The low carbon transition: the need to change and the search of new ways by Marco Grasso
Published on 06/08/2021
We need to change; we tend to consider this recurrent claim as an injunction to transform our habits and comfortable lifestyles; ‘we need to change’ is a sort of wakeup call that reminds us that it is necessary to do what we have done up to now – methodically, persistently, and industriously – in a different way. We may think, for example, that due to the high blood pressure and cholesterol revealed by a routine blood test, we will be faced with definitive choices: to change in order to reduce the risks, or to continue in the same way accepting the risks and their consequences. There’s no shortcut: pledging that we will change and not actually doing it will not save us from the next blood test and, mostly, from the pathologies associated to what its result. We must decide. Practically, to change the current malfunctioning of our body, we must change our diet, exercise, quit smoking, relax; in other words, we must acquire new habits and transform the ones we can’t give up.
When we speak of transforming the way we produce our goods and services something similar happens; we must establish new relationships that allow us to continue our modes of production while excluding those arising from old thoughtless habits which have engendered harmful consequences. Society is not a human body and our biomedical metaphor applies only to a certain extent. However, the present situation forces us to reflect – more and more frequently and deeply – about how to radically change current socio-economic systems in order to avert the impeding global ecological crisis.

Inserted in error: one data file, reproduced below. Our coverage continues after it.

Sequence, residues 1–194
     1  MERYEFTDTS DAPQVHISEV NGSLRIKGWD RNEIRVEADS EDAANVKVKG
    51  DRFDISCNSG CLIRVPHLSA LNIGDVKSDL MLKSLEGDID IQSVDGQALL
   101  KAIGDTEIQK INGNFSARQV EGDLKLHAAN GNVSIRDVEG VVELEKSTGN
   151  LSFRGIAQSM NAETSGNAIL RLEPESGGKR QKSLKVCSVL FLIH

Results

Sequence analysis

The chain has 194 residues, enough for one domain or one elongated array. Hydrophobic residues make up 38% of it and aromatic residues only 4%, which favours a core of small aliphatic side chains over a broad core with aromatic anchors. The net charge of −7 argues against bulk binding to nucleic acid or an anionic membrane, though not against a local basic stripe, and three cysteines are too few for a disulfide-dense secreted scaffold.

Among these unavoidable changes, the progressive abandonment of fossil fuels is certainly the most urgent. But it is hard to go on with our lives without relying on fossil fuels, very hard. Fossil fuels permeate our lives in endless ways. They are everywhere, in clothing, in furniture, in computers and smartphones, in toothpaste, lipstick, and medicines; they are the global economy’s primary energy and fuel source. Fossil fuels also lubricate the global supply chains that bring us the Earth’s bounty. Even one of the simplest consumer products imaginable, a mainstay of everyone’s wardrobe, from hipster Brooklynites to the most humble immigrant tomato-pickers in Southern Europe, a plain white cotton t-shirt, seemingly oil-free, is a masterful triumph of global cooperation and coordination. Cotton is planted, cultivated, and harvested in Mississippi with oil-based chemicals and machinery; then it is sent through oil-powered shipping vectors to spinning factories in Indonesia; the spooled yarn travels on oil-propelled vessels to garment factories in South Asia and Latin America. Finally, the global shipping industry that is the very foundation of the entire global consumer economy – it takes only fifteen super vessels powered by dirty high sulphur heavy fuel oil to emit as much sulphur as all the world’s cars and as much greenhouse gas as 760 million cars – brings the unassuming cotton t-shirt to a store near you.